EPA Science Inventory

IN DEFENSE OF ECORISK ASSESSMENT (LETTER TO EDITOR)

Citation:

Mayer Jr., F L., C. Pittinger, D. Versteeg, J. Rodgers, B. Stubblefield, R. Wentsel, AND D. Woltering. IN DEFENSE OF ECORISK ASSESSMENT (LETTER TO EDITOR). ENVIRONMENTAL SCIENCE & TECHNOLOGY 32(5):116A, (1998).

Description:

Dear Editor: We are writing to convey a more accurate portrayal of the status of ecological ("environmental" in Europe) risk assessment that was presented in the recent article by M. Power and L.S. McCarty (Fallacies in Ecological Risk Assessment Practices," August 1997, pp 370A-375A). Some important points that could have been made by the authors (e.g., that it is important to distinguish between science and policy in risk assessment and risk management) were lost in the rhetoric and apparent quest for sensationalism. Although we agree that "the most important role for science is the provision of information to be used in environmental decision making," we do not agree with several other notions of the authors. The authors imply that the goal of ecological risk assessment is to "protect, conserve, and maintain ecological processes." Such a goal represents issues for society, not just science. It is the role of risk managers--not risk assessors--to weigh all relevant technical, economic, and social considerations to ensure balanced decision making. Risk assessment serves only to inform the risk manager about likely ecological consequences. (Mischaracterization of risk assessment has resulted in some recent U.S. legislative debates wherein this practice unfairly bore the brunt of controversy surrounding the fundamental risk management issue of how safe is safe.) Although it may be true that "consensus on an acceptable, comprehensive decision-making framework..has not emerged," we feel that the practice of ecological risk assessment is in danger of developing to the degree that is is "standardized." And although standardization may bring global harmonization of methods, a pitfall is the stagnation of development of the science underlying the practice. Thus, ecological risk assessments may evolve into a "check-box" exercise, a system that would not permit the latitude to gain new understandings, incorporate novel approaches, or use professional judgement. Power and McCarty decry the lack of consensus on a decision-making framework, and they attack the science of ecological risk assessment. As we look at the practice, however, we see new science-based initiatives by ecologists, chemists, and toxicologists. These initiatives should be supported, not rejected because the science and the ecosystem are complex. And that gets to our final point. The authors imply that natural ecosystem interactions are so complex that responses to stressors cannot be predicted because ecologists and environmental scientists do not yet understand which components and influences are most important. Complexity aside, we recognize that risk assessments will be conducted and that the results will be applied, along with the other relevant information descirbed above, so that risk managers can make informed, defensible decisions. We expect the practice of ecological risk assessment to continue to improve in its predictive capabilities and pledge our efforts as active environmental scientists to participate in the ongoing scientific discourse that is improving the practice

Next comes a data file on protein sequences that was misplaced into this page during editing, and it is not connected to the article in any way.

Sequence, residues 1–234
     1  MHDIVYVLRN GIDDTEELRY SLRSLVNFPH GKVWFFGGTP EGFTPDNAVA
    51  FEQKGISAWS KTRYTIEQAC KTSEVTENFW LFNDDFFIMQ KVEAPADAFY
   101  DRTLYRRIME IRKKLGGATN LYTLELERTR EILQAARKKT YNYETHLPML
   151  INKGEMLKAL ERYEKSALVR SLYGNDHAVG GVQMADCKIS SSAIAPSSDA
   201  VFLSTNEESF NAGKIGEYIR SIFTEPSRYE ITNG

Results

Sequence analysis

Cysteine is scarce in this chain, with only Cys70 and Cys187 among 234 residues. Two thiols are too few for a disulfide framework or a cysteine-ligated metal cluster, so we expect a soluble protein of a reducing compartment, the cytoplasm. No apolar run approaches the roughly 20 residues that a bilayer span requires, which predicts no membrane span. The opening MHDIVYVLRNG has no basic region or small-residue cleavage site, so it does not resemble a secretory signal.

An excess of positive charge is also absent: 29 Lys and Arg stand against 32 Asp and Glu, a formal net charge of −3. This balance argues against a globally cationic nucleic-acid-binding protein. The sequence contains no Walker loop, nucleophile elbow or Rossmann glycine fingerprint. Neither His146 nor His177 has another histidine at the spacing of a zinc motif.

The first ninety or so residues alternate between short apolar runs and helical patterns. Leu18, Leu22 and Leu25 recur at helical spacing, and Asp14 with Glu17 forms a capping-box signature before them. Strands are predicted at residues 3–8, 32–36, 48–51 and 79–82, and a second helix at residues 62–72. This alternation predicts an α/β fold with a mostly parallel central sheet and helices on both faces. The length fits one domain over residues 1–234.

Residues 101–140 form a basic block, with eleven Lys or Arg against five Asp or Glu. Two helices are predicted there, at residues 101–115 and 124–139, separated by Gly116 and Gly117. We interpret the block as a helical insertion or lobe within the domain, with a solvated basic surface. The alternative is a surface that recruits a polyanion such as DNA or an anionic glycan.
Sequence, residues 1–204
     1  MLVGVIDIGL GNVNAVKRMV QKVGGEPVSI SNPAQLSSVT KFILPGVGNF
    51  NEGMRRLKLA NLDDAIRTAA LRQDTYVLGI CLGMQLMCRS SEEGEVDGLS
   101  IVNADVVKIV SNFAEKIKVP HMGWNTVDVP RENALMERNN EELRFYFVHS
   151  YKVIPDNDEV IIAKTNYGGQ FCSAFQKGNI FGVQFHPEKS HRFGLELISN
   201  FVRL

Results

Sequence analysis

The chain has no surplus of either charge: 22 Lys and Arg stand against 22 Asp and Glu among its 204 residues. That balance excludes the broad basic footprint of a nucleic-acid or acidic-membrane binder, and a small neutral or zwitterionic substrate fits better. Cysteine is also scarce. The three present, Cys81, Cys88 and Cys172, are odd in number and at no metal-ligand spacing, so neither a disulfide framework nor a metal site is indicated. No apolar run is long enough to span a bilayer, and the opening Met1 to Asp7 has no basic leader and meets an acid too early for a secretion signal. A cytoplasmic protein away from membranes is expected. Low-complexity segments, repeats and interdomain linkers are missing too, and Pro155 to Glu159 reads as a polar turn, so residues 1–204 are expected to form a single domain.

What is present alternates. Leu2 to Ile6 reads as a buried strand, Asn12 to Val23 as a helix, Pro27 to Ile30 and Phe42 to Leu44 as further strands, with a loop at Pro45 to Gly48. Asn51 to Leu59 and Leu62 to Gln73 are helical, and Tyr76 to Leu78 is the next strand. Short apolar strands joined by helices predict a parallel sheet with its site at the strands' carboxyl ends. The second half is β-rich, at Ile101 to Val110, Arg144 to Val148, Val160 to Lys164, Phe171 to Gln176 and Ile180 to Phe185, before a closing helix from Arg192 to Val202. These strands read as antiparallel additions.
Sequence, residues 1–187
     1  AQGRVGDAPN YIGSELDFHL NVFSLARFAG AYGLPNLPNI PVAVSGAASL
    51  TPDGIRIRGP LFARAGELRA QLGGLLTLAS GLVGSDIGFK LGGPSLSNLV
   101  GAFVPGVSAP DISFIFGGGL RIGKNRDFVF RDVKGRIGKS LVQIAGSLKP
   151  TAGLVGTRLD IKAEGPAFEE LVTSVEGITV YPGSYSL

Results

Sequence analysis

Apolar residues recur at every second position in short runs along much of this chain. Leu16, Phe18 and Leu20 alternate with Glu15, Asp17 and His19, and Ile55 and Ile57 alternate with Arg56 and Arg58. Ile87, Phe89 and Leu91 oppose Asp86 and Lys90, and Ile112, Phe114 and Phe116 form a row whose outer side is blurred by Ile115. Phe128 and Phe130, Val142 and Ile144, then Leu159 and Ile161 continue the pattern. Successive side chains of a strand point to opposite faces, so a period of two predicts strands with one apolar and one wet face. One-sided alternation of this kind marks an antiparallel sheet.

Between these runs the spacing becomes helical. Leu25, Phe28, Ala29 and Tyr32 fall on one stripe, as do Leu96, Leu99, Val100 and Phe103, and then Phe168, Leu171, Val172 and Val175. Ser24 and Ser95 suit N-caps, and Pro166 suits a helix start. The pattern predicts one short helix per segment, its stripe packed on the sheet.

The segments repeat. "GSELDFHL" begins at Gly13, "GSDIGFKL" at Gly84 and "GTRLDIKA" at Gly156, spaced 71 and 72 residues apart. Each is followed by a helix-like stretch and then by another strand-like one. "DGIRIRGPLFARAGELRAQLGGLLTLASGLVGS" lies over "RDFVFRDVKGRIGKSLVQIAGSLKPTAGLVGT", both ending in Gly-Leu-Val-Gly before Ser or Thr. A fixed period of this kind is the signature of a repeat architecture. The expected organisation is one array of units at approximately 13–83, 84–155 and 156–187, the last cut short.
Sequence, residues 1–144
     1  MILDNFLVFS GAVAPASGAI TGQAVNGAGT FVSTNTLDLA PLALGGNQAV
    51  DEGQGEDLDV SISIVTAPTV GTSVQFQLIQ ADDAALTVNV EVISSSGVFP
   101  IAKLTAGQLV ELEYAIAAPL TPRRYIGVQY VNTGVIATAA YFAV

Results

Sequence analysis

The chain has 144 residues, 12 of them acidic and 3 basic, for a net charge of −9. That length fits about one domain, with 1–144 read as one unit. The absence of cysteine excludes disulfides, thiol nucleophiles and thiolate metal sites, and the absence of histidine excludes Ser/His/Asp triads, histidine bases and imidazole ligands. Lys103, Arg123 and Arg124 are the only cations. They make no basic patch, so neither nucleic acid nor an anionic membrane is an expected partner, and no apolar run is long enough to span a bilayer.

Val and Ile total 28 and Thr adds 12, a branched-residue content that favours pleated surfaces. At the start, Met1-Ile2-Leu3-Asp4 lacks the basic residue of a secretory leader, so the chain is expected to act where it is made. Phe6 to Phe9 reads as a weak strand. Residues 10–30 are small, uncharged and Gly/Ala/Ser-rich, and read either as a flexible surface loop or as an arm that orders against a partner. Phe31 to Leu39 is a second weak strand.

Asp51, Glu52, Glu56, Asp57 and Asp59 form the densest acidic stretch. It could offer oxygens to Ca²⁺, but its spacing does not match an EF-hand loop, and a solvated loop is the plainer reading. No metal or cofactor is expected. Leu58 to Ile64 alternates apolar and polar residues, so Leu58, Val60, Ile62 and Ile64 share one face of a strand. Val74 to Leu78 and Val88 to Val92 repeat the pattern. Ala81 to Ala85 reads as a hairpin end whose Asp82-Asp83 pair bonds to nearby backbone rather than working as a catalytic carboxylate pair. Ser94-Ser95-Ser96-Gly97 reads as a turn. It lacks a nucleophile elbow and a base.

Purpose/Objective:

Letter to editor

Record Details:

Record Type: DOCUMENT (JOURNAL/PEER REVIEWED JOURNAL)
Start Date: 08/01/1998
Completion Date: 08/01/1998
Record Last Revised: 07/26/2012
Record Created: 12/08/2004
Record Released: 12/08/2004
OMB Category: Other
Record ID: 106964

Organization:

U.S. ENVIRONMENTAL PROTECTION AGENCY

OFFICE OF RESEARCH AND DEVELOPMENT

NATIONAL HEALTH AND ENVIRONMENTAL EFFECTS RESEARCH LAB

GULF ECOLOGY DIVISION

COASTAL ECOLOGY BRANCH